Short term or temporary insurance refers to various types of insurance policies except life insurance. These policies are short term in order to accommodate people’s changing insurance needs over time. Short term insurance involves an agreement between an insurer and a policy holder. The agreement is binding for a limited time or is flexible depending on the individual’s circumstances. Policyholders pay insurers a specific amount or premium at scheduled intervals. The premium amount is based on policyholders’ individual risk profile. For instance, if a car owner wants to insure a vehicle, insurers will consider factors such as the owner’s age, gender, driving record, driving experience, previous insurance claims and installed anti-theft devices. This is because the owner’s profile will determine the likelihood that the risk they are underwriting will actually occur. The greater the perceived risk, the higher the premium is.
There are several types of short-term insurance. Property insurance protects homeowners from damage caused by theft, fire or weather. It includes specialized forms of insurance such as fire insurance, flood insurance, earthquake insurance, home insurance and boiler insurance. Household insurance policies cover the contents of one’s home. Policyholders are paid the insured amount to replace household items, such as furniture, appliances and clothing, in the event of theft, natural disasters, impact, leaks and third party liability.
Car insurance comes in three types: third party cover, third party fire and theft cover, and comprehensive cover. Third party car insurance provides coverage when the policyholder causes damage to someone else’s property. Third party fire and theft insurance covers damage due to fire or theft, or damage to a third party’s property due to a car accident. Comprehensive car insurance covers the policyholder’s vehicle in cases of accidental damage, theft and hijacking, or damage done to a third party. Personal liability insurance provides coverage in the event of an accident that causes the death or injury of a third party.
Travel insurance is taken out by individuals traveling abroad to cover losses such as medical expenses, loss of personal belongings, travel delays, personal liabilities, etc. Travel insurance is ideal for graduating seniors trips, college students studying overseas, senior citizens over the age of 65 with or without Medicare traveling abroad, relatives visiting from overseas, families who sponsor exchange students, tourists, individual or group missionaries, and newly arrived immigrants.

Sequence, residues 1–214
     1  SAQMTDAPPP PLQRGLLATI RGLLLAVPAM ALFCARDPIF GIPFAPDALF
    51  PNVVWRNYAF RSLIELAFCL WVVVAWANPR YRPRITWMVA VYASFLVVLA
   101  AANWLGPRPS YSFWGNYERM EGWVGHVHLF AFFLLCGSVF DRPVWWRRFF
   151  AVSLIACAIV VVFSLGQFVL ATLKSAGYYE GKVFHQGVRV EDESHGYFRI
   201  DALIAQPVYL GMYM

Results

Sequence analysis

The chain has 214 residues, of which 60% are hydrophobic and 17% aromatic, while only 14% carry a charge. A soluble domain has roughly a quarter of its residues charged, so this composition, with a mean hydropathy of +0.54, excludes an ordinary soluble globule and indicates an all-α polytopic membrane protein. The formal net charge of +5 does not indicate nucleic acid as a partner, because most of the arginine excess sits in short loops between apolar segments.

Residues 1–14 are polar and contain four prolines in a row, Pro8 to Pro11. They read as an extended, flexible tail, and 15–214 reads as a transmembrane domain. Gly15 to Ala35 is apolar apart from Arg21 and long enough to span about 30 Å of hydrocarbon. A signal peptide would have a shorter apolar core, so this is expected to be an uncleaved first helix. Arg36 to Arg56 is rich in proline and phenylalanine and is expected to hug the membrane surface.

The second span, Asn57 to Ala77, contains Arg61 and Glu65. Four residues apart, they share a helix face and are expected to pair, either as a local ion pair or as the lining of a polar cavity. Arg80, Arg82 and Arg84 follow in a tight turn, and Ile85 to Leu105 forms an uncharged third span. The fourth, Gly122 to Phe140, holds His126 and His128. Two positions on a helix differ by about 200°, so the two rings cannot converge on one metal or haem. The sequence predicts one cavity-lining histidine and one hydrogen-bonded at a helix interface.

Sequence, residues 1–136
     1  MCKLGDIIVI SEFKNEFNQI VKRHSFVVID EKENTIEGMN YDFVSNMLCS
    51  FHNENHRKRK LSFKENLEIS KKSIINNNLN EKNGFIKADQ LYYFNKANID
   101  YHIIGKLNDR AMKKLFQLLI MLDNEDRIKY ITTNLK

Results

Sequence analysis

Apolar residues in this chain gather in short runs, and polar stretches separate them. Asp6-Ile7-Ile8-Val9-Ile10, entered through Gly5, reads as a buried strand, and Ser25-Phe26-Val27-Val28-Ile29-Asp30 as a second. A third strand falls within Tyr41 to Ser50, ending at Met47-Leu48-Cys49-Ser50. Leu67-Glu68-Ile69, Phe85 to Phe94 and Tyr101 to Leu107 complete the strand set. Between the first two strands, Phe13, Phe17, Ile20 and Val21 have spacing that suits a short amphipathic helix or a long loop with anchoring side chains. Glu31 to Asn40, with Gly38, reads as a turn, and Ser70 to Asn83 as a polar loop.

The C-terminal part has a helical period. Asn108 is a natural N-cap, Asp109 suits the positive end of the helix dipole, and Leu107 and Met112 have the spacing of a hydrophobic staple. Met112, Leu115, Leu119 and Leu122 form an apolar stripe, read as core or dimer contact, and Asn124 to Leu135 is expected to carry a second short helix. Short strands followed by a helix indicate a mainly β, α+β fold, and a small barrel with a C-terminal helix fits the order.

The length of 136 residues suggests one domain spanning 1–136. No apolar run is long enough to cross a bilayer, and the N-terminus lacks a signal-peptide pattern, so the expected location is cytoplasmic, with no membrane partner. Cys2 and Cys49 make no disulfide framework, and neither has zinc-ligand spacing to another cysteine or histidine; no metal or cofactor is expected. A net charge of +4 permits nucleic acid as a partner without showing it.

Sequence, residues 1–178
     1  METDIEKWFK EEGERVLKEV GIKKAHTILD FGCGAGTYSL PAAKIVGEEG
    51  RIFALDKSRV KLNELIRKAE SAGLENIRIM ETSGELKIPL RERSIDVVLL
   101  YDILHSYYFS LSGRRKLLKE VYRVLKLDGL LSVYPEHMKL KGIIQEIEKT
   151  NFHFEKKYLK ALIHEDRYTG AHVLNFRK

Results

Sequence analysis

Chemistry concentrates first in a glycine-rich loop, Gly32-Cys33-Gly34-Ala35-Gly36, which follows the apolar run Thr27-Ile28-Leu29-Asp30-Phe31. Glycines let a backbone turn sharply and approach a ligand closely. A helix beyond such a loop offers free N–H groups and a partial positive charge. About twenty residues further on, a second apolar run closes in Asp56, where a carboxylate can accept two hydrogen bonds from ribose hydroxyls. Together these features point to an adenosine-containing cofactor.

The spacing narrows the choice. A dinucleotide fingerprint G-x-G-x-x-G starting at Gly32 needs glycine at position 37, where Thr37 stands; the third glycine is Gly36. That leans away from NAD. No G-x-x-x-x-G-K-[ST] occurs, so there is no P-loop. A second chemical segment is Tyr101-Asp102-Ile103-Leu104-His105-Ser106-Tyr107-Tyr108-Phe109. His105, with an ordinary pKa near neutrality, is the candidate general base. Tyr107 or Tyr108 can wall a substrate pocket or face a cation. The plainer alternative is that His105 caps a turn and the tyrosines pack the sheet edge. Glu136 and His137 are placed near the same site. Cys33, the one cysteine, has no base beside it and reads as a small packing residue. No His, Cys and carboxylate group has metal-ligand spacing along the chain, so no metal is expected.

Disability insurance provides financial compensation in the event that the insured is unable to work due to a disabling illness or injury. States such as California, New Jersey, New York, Hawaii and Rhode Island have sponsored short term disability insurance with low benefit amounts. Some employers also provide disability coverage.
Short term health insurance fills in gaps in coverage for a limited time, usually 6 to 11 months. It is ideal for people who are in between jobs; those waiting for another health insurance to kick in; college graduates coming off their parent’s health plan; or early retirees awaiting Medicare eligibility. Short term health insurance insures against unforeseen accidents or illnesses rather than provide comprehensive coverage. Thus, it does not cover physicals, preventive care, immunizations, dental or vision care and pre-existing medical conditions. Short-term health insurance policies have also become a last option for uninsured Americans outside of the Affordable Care Act’s open enrollment season. People must have some sort of major life event such as getting married, having a baby or filing for divorce to enroll in coverage on a state or the federal exchange outside of the open enrollment period. While these plans will not save policyholders from the tax penalty for failure to comply with the new health-care law, it can provide some financial relief when medical services are needed.